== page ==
How does a school system with poor performance become good? And how does one with good performance become excellent?

 

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Educational Technology and Mobile Learning – 7 Wonderful Talks on Learning from Failure

To err is human and acknowledging one’s mistakes is the first step towards learning not to do them again. The best thing about making mistakes is the learning that comes out of them. Mistakes are indicative of an ongoing healthy process of learning. We all make mistakes and sometimes we even commit errors ( errors are considered to be much more severe than mistakes ) but we definitely differ in the way we look at our mistakes. People with ” growth mind-set ” tend to accept mistakes as natural happenings that enrich our life experiences. Similarly teachers with a growth mindset look at mistakes as precursors of learning, the engine of education . On the other hand, people with fixed mindset view them as obstacles in life, signs of incompetence and disappointment. Likewise,  teachers with a fixed mindset are more reluctant to tolerate mistakes and they consider them as a hindrance to learning.  David Bohr ( Danish physicist ) once defined an expert as ” a person who has made all the mistakes that can be made in a very narrow field”. Bohr’s quip summarizes one of the essential lessons of learning which is that people learn how to get it right by getting it wrong again and again. Education is not magic, education is the wisdom wrung from failure.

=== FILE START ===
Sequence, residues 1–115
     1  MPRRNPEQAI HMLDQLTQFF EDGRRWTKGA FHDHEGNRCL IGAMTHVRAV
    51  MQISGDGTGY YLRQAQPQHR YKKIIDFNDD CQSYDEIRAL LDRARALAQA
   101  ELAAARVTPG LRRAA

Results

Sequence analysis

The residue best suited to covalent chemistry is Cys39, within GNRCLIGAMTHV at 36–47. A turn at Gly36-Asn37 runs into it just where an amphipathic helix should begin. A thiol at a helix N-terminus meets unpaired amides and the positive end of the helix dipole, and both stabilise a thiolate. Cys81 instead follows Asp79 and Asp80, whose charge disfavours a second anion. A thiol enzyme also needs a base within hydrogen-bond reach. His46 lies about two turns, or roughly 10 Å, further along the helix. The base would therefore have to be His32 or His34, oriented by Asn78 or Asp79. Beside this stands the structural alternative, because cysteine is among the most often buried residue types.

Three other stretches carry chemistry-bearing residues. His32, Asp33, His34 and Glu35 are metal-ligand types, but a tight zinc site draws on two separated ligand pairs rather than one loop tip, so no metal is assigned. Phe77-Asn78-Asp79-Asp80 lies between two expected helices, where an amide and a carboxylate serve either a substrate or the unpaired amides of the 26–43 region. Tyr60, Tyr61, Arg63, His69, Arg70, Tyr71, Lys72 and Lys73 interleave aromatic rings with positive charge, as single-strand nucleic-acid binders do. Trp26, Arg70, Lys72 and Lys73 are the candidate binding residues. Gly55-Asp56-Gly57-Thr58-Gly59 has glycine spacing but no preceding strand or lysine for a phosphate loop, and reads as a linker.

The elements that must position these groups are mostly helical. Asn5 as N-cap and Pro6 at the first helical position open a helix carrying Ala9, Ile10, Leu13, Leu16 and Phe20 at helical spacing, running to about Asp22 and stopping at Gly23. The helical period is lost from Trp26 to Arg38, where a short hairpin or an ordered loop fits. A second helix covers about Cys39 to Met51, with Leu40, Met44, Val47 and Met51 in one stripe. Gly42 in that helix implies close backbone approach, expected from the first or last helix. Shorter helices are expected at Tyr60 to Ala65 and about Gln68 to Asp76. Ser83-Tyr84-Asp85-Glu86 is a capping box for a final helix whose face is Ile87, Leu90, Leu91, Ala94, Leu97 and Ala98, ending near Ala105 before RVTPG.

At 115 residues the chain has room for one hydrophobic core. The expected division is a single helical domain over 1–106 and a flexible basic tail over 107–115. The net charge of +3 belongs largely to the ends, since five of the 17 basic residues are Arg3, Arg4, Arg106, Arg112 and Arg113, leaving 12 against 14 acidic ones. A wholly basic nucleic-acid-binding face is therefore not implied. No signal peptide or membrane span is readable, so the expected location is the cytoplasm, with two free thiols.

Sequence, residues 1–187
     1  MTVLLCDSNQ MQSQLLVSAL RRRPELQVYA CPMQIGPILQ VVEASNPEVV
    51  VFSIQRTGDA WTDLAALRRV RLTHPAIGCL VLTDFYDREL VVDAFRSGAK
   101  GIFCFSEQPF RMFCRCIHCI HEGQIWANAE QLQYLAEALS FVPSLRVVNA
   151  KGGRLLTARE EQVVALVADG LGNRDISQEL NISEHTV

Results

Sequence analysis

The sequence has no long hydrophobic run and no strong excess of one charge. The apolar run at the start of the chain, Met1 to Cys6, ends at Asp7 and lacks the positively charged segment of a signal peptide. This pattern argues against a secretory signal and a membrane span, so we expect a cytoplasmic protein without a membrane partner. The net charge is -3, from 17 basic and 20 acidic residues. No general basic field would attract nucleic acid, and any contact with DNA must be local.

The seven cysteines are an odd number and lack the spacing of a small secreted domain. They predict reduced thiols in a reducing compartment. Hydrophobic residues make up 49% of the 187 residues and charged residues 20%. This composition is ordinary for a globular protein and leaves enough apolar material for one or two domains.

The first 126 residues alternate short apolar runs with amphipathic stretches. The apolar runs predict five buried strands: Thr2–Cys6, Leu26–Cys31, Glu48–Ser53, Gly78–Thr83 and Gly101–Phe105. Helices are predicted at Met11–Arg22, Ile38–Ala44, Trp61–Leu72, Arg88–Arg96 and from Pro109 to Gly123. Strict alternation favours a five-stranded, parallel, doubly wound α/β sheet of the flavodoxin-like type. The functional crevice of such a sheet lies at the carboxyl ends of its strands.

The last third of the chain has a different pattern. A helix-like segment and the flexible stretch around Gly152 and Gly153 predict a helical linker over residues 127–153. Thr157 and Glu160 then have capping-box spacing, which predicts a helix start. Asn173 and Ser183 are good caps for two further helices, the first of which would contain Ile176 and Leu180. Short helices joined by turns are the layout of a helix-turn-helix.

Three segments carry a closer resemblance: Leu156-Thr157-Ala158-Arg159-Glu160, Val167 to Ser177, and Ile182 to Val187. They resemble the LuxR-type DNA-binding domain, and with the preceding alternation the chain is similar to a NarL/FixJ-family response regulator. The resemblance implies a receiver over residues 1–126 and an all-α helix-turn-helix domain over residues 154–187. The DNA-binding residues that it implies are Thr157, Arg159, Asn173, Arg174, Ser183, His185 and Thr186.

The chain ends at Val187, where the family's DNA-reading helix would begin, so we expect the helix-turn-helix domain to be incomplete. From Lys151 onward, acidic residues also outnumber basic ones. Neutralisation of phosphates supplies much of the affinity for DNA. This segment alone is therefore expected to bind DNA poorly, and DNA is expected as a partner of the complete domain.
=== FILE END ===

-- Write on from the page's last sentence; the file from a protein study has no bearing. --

Talking about mistakes and failure, today’s post features 8 of the best TED Talks on some great personalities and how how they have learned from their own failures. Enjoy!

1-  Tim Harfard: Trial, error and the god complex

2- Katheryn Schulz: Don’t regret regret

3- JK Rowling: The fringe benefits of failure

4- Richard St John: Success is a continuous journey

5- Diana Laufenberg: How to learn from mistakes

6- Kathryn Schulz: On being wrong

7- Why you need to fail to have a great career